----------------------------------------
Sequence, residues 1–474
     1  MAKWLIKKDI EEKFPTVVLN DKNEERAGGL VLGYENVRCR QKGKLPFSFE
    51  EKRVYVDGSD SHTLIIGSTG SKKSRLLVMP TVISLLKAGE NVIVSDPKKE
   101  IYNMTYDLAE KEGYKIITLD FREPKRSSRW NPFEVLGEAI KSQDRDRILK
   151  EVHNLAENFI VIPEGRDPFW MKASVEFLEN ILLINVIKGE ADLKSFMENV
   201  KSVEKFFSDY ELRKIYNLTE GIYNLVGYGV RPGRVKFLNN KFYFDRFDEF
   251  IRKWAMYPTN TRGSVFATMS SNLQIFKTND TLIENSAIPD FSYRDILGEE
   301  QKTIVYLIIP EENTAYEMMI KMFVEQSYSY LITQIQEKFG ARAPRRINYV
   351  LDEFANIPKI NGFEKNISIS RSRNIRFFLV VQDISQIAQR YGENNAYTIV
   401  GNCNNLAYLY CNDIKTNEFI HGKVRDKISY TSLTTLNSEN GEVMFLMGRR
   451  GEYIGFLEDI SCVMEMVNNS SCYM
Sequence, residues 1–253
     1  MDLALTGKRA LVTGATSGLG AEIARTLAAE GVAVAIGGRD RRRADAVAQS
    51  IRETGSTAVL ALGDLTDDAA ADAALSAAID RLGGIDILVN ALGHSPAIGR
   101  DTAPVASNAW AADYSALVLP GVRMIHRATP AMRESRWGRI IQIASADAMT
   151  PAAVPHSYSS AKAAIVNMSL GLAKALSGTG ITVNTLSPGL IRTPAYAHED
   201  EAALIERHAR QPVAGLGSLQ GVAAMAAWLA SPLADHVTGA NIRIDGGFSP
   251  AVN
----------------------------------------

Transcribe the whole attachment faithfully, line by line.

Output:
Sequence, residues 1–474
     1  MAKWLIKKDI EEKFPTVVLN DKNEERAGGL VLGYENVRCR QKGKLPFSFE
    51  EKRVYVDGSD SHTLIIGSTG SKKSRLLVMP TVISLLKAGE NVIVSDPKKE
   101  IYNMTYDLAE KEGYKIITLD FREPKRSSRW NPFEVLGEAI KSQDRDRILK
   151  EVHNLAENFI VIPEGRDPFW MKASVEFLEN ILLINVIKGE ADLKSFMENV
   201  KSVEKFFSDY ELRKIYNLTE GIYNLVGYGV RPGRVKFLNN KFYFDRFDEF
   251  IRKWAMYPTN TRGSVFATMS SNLQIFKTND TLIENSAIPD FSYRDILGEE
   301  QKTIVYLIIP EENTAYEMMI KMFVEQSYSY LITQIQEKFG ARAPRRINYV
   351  LDEFANIPKI NGFEKNISIS RSRNIRFFLV VQDISQIAQR YGENNAYTIV
   401  GNCNNLAYLY CNDIKTNEFI HGKVRDKISY TSLTTLNSEN GEVMFLMGRR
   451  GEYIGFLEDI SCVMEMVNNS SCYM
Sequence, residues 1–253
     1  MDLALTGKRA LVTGATSGLG AEIARTLAAE GVAVAIGGRD RRRADAVAQS
    51  IRETGSTAVL ALGDLTDDAA ADAALSAAID RLGGIDILVN ALGHSPAIGR
   101  DTAPVASNAW AADYSALVLP GVRMIHRATP AMRESRWGRI IQIASADAMT
   151  PAAVPHSYSS AKAAIVNMSL GLAKALSGTG ITVNTLSPGL IRTPAYAHED
   201  EAALIERHAR QPVAGLGSLQ GVAAMAAWLA SPLADHVTGA NIRIDGGFSP
   251  AVN